Print Shortlink

The Eyes of Anomalocaris


The lord and master of the Cambrian seas was the undulating predator Anomalocaris. It was likely highly efficient, and now we are learning, highly visual. It was considerably larger than any other creature in those shallow seas and must have evoked fear with nothing more than its shadow.

Carnivory and predation were two key elements ushering in evolution and this generally requires vision as a principal sensory input. Sure enough, Anomalocaris had two eyes on stalks probably giving it a wide visual field. But, until recently, we have known very little about its visual capabilities and mechanisms. That has changed.

In a well-considered manuscript, Paterson et al describes fossils of the eye of Anomalocaris. From this work we now know that that this magnificent animal, probably the first in the line of apex predators of these shallow seas, had a compound eye that, in many ways, resembled the eye of today’s dragonfly.  Anomalocaris had perhaps as many as 16,000 hexagonal facets (individual units of the eye called ommatidia) in each eye and probably good vision. For reference, extant dragonflies have approximately 25,000 ommatidia and surprisingly good vision. Although I doubt that this Anomalocaris had vision good to read the newspaper, its vision would have been very good, at least in bright light. Its compound eyes were likely of the simplest and most common design—the apposition compound eye. This eye would require a great deal of light, and restrict the animal to a diurnal lifestyle. It would have been restricted to the rather bright light environments such as those found in a coral reef of today.  Almost certainly Anomalocaris would have had a wide field of vision and surprisingly sharp vision for smaller prey—just like a dragonfly.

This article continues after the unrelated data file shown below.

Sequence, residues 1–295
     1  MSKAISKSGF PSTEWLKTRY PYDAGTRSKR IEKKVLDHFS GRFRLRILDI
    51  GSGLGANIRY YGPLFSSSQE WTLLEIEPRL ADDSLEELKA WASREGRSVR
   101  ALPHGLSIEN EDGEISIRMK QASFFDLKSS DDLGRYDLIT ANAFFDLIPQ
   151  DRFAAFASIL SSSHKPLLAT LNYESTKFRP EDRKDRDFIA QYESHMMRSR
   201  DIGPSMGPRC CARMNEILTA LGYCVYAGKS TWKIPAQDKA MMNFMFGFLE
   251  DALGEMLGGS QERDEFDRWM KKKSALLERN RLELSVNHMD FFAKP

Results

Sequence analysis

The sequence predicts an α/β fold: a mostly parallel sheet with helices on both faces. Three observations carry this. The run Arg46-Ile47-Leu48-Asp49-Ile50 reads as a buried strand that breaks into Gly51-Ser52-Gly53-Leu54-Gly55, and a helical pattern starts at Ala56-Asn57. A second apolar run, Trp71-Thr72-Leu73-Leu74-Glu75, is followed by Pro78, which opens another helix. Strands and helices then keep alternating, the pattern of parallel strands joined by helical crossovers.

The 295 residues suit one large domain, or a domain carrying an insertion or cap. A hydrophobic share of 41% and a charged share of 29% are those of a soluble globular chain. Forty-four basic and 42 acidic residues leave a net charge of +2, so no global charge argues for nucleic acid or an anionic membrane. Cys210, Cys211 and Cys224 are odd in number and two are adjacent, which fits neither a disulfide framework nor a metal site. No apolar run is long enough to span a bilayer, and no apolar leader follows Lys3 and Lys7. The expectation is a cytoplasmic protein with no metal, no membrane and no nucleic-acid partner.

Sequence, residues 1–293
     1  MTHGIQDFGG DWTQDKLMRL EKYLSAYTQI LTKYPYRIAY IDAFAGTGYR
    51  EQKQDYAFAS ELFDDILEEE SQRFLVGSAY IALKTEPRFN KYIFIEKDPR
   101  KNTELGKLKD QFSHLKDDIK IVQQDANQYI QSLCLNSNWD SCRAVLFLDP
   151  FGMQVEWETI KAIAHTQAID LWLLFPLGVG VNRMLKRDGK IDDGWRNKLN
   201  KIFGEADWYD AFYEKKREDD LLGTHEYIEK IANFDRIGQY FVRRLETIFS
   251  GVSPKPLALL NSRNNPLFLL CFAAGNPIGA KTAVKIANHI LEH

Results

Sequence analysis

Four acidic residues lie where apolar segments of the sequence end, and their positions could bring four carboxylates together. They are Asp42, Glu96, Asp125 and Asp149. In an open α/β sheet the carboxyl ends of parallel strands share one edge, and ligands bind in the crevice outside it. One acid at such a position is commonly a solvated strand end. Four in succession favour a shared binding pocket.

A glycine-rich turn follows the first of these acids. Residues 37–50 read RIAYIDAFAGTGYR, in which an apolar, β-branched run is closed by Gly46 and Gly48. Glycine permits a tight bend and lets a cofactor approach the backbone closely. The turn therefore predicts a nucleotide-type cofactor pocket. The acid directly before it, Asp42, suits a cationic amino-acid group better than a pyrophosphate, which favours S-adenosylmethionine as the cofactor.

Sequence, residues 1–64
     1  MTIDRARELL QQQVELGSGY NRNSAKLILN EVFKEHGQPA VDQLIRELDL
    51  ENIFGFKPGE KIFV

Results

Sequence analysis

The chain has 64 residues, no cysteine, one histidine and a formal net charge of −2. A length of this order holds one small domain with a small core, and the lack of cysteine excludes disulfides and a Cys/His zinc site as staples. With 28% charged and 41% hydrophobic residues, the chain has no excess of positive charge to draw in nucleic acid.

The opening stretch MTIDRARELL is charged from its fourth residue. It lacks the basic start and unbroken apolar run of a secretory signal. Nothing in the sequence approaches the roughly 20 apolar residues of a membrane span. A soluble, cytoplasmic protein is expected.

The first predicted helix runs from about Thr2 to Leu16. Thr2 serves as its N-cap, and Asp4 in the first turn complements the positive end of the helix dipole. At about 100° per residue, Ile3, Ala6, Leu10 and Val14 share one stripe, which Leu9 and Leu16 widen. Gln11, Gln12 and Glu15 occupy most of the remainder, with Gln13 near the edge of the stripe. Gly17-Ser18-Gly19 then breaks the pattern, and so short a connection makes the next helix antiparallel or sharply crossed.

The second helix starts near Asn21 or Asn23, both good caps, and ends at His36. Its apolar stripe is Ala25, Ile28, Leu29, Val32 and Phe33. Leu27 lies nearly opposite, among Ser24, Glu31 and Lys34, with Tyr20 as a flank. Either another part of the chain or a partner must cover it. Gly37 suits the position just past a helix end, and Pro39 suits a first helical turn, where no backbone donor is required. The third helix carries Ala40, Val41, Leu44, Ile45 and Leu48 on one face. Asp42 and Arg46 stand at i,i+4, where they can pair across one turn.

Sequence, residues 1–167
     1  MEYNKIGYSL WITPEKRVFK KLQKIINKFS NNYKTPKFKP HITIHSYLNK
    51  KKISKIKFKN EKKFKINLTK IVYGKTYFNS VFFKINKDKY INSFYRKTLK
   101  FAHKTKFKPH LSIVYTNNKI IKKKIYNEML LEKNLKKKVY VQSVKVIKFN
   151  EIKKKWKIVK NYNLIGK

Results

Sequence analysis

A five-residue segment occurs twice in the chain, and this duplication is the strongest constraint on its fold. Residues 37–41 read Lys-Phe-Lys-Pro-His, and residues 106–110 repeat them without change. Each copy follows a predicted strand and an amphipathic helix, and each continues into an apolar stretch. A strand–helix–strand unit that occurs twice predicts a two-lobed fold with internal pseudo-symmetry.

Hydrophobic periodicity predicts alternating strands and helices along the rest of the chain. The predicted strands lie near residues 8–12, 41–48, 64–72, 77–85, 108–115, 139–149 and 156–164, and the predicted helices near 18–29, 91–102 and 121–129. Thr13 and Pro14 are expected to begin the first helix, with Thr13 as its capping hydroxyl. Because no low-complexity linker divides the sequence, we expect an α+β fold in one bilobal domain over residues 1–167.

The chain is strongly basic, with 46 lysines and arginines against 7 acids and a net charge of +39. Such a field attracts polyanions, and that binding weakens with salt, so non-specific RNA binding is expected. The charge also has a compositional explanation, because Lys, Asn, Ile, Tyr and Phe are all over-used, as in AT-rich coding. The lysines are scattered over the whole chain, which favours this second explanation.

With its anterior “arms” for capture and its mouth located beneath the proximal portion of its body, this first top predator would have had few competitors. Its prey species were soft bodied as it was as well. Such predation would inevitably drive the predator-prey “arms race” and could well have been instrumental as the stimulus for the evolution of hard shell-like bodies.

With Permission of the Royal Ontario Museum and Parks Canada © ROM-Photo Credit: J.B. Caron.

Paterson JR, Barcia-Bellido DC, Lee, MSY, et al:  Acute vision in the giant Cambrian predator Anomalocaris and the origin of compound eyes. Nature 2011; 480:  237-240.